Y5 Children's University Research

23rd November 2021

What is the Children’s University?

By the time a child turns 18, they will have spent just 9% of their waking life in a classroom.

Children’s University is about making the most of the remaining 91%, working with children and young people aged 5-14.

Research shows that participation in extra-curricular activities can positively impact on attainment, increase a pupil’s positive identification with school, and build self-confidence and resilience. Research also shows that children that do not have access to these opportunities fall behind, lack confidence, and fail to develop career aspirations. The resulting attainment gap is so significant that 25% of children from the most disadvantaged backgrounds achieve below expected attainment levels.

Learning happens all the time in lots of different places, at different times and in different ways.

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How does the Children’s University develop skills?

For every child that takes part in Children’s University, we want the following outcomes:

  • They feel they have grown in confidence and self-belief
  • They have enjoyed new experiences, in new places and want to keep exploring
  • They believe they have a broader range of essential skills
  • They feel empowered to make positive choices about their future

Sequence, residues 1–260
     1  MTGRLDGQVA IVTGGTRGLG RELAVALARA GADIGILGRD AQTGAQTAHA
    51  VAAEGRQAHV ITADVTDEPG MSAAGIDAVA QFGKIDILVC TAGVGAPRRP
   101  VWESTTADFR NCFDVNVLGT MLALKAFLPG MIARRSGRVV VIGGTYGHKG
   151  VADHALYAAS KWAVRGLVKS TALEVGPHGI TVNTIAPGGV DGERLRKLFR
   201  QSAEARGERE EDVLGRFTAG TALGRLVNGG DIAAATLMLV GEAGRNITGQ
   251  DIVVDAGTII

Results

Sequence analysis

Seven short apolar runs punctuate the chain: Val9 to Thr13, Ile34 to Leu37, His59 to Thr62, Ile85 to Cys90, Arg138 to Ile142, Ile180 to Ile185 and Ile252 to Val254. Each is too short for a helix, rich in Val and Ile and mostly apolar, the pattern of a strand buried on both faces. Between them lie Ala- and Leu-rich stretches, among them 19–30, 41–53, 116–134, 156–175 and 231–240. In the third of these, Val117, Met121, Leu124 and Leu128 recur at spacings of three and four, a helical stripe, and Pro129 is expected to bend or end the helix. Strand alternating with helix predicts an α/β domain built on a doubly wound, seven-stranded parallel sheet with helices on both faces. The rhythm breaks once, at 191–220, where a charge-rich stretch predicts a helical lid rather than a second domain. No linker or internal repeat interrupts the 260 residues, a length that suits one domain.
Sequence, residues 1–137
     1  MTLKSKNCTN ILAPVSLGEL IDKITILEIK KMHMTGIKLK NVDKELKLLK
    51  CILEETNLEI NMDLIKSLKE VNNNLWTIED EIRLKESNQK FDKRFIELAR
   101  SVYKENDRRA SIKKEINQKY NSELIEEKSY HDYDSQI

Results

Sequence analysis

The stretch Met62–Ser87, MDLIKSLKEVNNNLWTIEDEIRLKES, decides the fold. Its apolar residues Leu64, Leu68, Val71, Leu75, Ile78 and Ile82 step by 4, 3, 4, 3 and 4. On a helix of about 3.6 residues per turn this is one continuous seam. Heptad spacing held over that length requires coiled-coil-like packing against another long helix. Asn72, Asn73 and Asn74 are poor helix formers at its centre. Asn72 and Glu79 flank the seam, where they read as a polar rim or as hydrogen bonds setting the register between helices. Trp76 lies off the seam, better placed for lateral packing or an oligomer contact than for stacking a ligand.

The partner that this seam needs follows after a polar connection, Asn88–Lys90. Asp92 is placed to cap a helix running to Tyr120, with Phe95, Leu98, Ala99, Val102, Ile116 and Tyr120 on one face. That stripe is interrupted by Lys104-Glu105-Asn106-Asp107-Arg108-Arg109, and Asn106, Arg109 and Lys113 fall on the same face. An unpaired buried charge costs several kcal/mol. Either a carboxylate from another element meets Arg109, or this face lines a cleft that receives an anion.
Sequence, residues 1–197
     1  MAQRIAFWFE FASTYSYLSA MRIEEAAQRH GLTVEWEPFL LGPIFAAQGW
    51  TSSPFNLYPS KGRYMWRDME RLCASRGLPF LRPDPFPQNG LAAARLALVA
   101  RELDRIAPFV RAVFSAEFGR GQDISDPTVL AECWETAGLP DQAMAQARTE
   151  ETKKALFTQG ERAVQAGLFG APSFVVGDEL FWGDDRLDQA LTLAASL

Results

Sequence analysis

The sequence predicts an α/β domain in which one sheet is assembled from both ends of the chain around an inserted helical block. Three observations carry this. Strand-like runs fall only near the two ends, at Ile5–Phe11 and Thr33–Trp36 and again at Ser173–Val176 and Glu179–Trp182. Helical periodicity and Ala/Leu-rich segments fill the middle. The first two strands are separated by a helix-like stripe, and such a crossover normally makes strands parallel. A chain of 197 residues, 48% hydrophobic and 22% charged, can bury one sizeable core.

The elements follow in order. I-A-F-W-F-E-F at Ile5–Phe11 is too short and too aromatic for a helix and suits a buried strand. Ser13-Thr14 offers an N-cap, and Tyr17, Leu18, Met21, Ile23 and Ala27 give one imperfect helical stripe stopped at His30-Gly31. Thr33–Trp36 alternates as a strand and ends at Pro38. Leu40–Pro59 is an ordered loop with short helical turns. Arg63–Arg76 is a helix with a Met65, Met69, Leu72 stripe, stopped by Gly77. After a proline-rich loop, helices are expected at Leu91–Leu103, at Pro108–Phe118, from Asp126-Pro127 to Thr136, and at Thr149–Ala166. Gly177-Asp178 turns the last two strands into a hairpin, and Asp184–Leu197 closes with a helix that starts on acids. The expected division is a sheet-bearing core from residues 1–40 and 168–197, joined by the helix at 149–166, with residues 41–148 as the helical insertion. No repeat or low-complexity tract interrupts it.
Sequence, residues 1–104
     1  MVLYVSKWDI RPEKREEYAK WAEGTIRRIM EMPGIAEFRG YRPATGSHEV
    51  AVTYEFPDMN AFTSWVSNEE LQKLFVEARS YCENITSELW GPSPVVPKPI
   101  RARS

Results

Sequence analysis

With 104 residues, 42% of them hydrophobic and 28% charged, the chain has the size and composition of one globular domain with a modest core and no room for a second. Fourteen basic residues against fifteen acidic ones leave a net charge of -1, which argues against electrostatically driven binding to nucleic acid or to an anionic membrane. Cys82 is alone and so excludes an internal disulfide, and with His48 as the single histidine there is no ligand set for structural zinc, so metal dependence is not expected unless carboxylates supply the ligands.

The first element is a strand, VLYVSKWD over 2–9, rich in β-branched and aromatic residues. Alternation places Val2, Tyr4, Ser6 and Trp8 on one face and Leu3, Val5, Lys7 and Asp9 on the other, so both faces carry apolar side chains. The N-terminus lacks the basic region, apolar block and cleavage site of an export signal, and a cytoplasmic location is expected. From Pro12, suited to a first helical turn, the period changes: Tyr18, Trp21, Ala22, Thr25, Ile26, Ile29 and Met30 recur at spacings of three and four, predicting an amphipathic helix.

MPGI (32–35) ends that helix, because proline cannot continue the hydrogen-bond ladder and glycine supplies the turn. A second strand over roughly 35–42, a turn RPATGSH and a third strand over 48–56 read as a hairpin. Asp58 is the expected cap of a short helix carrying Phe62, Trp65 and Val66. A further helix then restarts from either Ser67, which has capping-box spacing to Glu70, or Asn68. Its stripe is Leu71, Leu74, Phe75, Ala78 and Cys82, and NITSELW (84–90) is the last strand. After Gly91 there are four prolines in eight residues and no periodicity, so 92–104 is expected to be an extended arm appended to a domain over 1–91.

• They see learning that is fun, aspirational and lifelong
  • They feel their eyes have been opened to a multiplicity of learning activities and opportunities
  • They feel celebrated for their commitment to learning by their family, school and community. 
How it works…
 
Each child involved in the trial is given a Passport To Learning , in which they collect 'stamps' for hours of accredited learning.  They will also have access to a Children’s University Online account, which is a digital platform where they can log and keep track of their hours.
  • This contributes to the award of a certificate, encouraging them to access Children's University provision and a wide range of other worthwhile out-of-school-hours learning opportunities.
  • At the end of the school year, there  is a graduation ceremony for the children and their parents/carers
There are many other ways in which pupils can earn stamps for their passports, including…
  • Bi-monthly Children’s University challenges set by Louise – these will be emailed out to CU leaders each time they are launched so that they can be emailed out to pupils.
  • School holiday Children’s University Trust challenges
  • Lunchtime and after-school extra-curricular clubs run in school
  • Online and home learning activities
In 2017 The Sutton Trust released a report that highlighted the importance of extra-curricular activities for equipping children with the life skills they need. It stressed that giving young people from all backgrounds a greater opportunity to develop those skills can be an engine for opportunity and social mobility.
 
This is what Children’s University aims to do.